3.4.3.2 Industry should have maximum ability to establish those requirements that impact their production process and products. To minimize cost and schedule, Industry Teams must be able to optimize use of their unique facilities, personnel, processes and expertise. Freeing Industry affords them that opportunity. Examples include (1) choosing steel plate sizing that optimizes their production line, (2) allowing industry to establish construction breaks, block sizes, packaging of equipments, etc. to account for plant layout, lift capability, etc.

3.4.3.3 Skid mounting equipment, while affording production efficiencies, actually adds weight. Industry trade studies clearly determined that skid mounting equipment provided for significant cost and schedule advantages. It does, however, add weight. This added weight is an important consideration for weight sensitive designs.

3.4.3.4 Less dense ships increase design flexibility and lower cost. Allowed to generate their own requirements and designs to maximize performance under PAE, all three Teams developed designs more "spacious" than Navy standards. Beneficial results included: areas designated for distributive systems (service trunks), longer and straighter piping runs, simplified vent ducting requiring fewer parts, etc..

3.4.3.5 Raft mounting COTS equipment to provide for shock isolation, appears to be technically feasible and provides for significant savings in acquisition, production, and life cycle costs. While detailed analyses of the shock mitigating abilities of the rafts was not conducted, preliminary results indicated that it was indeed achievable. The majority of the cost savings are realized through the purchase of COTS equipment.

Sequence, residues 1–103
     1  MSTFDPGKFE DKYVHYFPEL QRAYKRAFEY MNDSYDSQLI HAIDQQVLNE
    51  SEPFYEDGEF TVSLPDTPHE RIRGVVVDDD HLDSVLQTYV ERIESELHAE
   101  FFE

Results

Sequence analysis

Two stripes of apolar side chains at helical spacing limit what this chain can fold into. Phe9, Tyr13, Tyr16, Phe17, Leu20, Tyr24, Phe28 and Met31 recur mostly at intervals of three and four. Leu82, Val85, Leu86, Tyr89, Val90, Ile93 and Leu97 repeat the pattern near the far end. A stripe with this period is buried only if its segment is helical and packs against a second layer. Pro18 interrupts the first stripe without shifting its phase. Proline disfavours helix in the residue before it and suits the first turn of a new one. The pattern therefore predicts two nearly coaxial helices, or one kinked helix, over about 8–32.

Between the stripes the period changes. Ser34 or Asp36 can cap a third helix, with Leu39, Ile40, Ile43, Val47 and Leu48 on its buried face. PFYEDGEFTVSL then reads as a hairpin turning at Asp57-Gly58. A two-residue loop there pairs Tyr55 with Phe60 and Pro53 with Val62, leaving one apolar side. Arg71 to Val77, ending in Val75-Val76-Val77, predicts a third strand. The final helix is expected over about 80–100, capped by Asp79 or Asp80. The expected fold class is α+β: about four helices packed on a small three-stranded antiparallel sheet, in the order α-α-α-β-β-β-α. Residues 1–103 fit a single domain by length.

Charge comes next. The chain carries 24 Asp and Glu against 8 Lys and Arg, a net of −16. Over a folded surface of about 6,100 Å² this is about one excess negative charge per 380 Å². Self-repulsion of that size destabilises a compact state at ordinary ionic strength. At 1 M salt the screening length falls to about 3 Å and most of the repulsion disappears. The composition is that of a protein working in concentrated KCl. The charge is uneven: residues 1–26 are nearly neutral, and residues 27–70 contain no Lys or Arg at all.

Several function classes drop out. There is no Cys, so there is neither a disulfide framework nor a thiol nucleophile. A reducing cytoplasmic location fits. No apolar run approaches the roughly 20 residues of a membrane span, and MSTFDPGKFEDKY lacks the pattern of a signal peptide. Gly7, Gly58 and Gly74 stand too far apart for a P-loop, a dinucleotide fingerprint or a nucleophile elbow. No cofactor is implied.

3.4.3.6 The right mix of fire fighting systems was difficult to determine and the subject of considerable design studies. Through the conduct of extensive trade studies, industry determined that water mist provided the most effective means of extinguishing fires (in conjunction with foam in machinery spaces), was cost effective, and that acceptable commercial systems were readily available. It is not clear why the Navy is pursuing their own water mist system given the fact that commercial systems are currently in use, especially in cruise ships.

3.4.3.7 Acceptable options are available to provide for a low signature, low manning, operationally effective and a safe aviation support facility. Through discussions with NAVAIR, NAVSEA and NAWC Lakehurst, the Industry Teams determined that it was indeed possible to design a helicopter landing facility to meet established signature goals.